- #1

- 1,085

- 6

You are using an out of date browser. It may not display this or other websites correctly.

You should upgrade or use an alternative browser.

You should upgrade or use an alternative browser.

- Thread starter mattmns
- Start date

- #1

- 1,085

- 6

- #2

- 841

- 1

http://teacher.nsrl.rochester.edu/phy_labs/AppendixD/AppendixD.html

However, it neglects the fact that gravity decreases with height, it neglects temperature differences, etc. The real atmosphere is messy.

- #3

enigma

Staff Emeritus

Science Advisor

Gold Member

- 1,752

- 14

Your best bet is to go to a standard atmosphere table to get mean values for the hights you're designing for.

I don't know if there is one online, but I do know there is one in the appendices of

- #4

enigma

Staff Emeritus

Science Advisor

Gold Member

- 1,752

- 14

I found the formula for low (less than 11km) altitudes.

[tex] \frac{p}{p_1} = \frac{T}{T_1}^{-\frac{g_0}{aR}} [/tex]

in the low altitude you are in a temperature gradient region, and T varies with altitude like [tex] T = T_1+a(h-h1) [/tex]

[tex]g_0[/tex] is the acceleration of gravity at sea level

R is the gas constant (287 for air in SI units)

a is the slope of the temperature gradient, equal to -6.5e-3 K/m for the low altitude gradient.

for p1 and T1, you use the pressure and temperature at standard atmospheric sea level conditions: 1 atm and 288.16K.

h1 is 0m for this gradient region

[tex] \frac{p}{p_1} = \frac{T}{T_1}^{-\frac{g_0}{aR}} [/tex]

in the low altitude you are in a temperature gradient region, and T varies with altitude like [tex] T = T_1+a(h-h1) [/tex]

[tex]g_0[/tex] is the acceleration of gravity at sea level

R is the gas constant (287 for air in SI units)

a is the slope of the temperature gradient, equal to -6.5e-3 K/m for the low altitude gradient.

for p1 and T1, you use the pressure and temperature at standard atmospheric sea level conditions: 1 atm and 288.16K.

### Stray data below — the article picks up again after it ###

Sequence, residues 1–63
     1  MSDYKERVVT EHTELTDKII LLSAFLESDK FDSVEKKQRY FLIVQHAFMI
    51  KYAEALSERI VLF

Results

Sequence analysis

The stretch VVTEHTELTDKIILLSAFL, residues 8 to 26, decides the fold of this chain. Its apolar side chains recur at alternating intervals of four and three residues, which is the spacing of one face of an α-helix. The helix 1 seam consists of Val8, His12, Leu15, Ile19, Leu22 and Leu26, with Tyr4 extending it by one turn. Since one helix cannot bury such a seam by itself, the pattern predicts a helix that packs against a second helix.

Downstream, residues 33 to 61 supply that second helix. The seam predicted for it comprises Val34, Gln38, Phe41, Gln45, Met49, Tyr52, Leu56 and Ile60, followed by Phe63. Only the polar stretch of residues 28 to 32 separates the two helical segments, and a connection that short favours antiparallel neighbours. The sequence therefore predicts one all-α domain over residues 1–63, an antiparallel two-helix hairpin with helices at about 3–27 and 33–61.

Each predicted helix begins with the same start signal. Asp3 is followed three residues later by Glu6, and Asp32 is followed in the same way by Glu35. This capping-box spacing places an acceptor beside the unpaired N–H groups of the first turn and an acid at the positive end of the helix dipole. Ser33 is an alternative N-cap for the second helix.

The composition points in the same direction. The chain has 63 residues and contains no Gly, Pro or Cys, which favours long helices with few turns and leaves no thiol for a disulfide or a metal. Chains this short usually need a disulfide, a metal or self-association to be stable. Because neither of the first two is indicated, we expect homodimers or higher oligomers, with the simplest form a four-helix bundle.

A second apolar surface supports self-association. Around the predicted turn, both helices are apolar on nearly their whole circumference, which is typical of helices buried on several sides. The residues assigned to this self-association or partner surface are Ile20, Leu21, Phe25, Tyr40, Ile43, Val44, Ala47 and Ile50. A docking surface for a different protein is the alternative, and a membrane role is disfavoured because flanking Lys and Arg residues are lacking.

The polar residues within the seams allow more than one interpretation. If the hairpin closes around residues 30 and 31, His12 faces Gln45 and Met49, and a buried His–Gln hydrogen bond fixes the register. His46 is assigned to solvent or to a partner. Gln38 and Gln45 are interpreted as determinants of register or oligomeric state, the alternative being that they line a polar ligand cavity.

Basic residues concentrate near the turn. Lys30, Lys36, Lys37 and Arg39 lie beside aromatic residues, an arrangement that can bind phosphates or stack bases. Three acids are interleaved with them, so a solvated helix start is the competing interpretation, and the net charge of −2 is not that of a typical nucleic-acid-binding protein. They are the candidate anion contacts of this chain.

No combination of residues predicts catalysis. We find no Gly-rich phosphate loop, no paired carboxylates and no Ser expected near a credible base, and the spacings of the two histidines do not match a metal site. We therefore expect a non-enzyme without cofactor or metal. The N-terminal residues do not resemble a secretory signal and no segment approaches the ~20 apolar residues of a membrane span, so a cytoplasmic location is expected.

h1 is 0m for this gradient region

Last edited:

- #5

Bystander

Science Advisor

Homework Helper

Gold Member

- 5,203

- 1,225

Originally posted by enigma

(snip)R is the gas constant (287 for air in SI units)(snip)

Huh? This is a new one --- do aeros tabulate separate "R" values for different gases?

- #6

enigma

Staff Emeritus

Science Advisor

Gold Member

- 1,752

- 14

I didn't have the big cap R.

It's the ideal gas constant divided by the molecular mass.

EDIT: sorry, should have called it the specific gas constant

and no, we don't usually tabulate the R's, but we do need to know the molecular masses of commonly used fluids.

It's the ideal gas constant divided by the molecular mass.

EDIT: sorry, should have called it the specific gas constant

and no, we don't usually tabulate the R's, but we do need to know the molecular masses of commonly used fluids.

Last edited:

- #7

Bystander

Science Advisor

Homework Helper

Gold Member

- 5,203

- 1,225

The "specific gas constant" is useful/expedient in what sort of applications then? Jet/nozzle flow?

- #8

enigma

Staff Emeritus

Science Advisor

Gold Member

- 1,752

- 14

Everything from the calculation for the speed of sound

[tex]a=\sqrt{\gamma * \frac{R}{m} * T} [/tex]

to the calculations of flame temperature (through Cp and Cv)

(more lengthy than I really want to enter into the Latex editor)

- #9

Bystander

Science Advisor

Homework Helper

Gold Member

- 5,203

- 1,225

- #10

enigma

Staff Emeritus

Science Advisor

Gold Member

- 1,752

- 14

*thinks back to Intro to Aerodynamics*

-YES!

seriously though, the only time I ever use the ideal gas constant is right before I divide it by the molecular mass. I can't think of a single time in the last 2 years where it's been standing alone.

It is used merely to bring the ideal gas constant into "human sized" units: switching from J/(kg mol*K) into J/kg*K

Last edited:

- #11

Bystander

Science Advisor

Homework Helper

Gold Member

- 5,203

- 1,225

- #12

nautica

Originally posted by Bystander

Should not be too confusing, so long as you understand which units you are using.

Nautica

- #13

- 508

- 0

mattmns,Originally posted by mattmns

IS there a formula for atmospheric pressure based on height?

what you're looking for is probably the formula

p(h) = exp(-ρ

(symbols should be obvious).

This is called the barometric formula.

Share: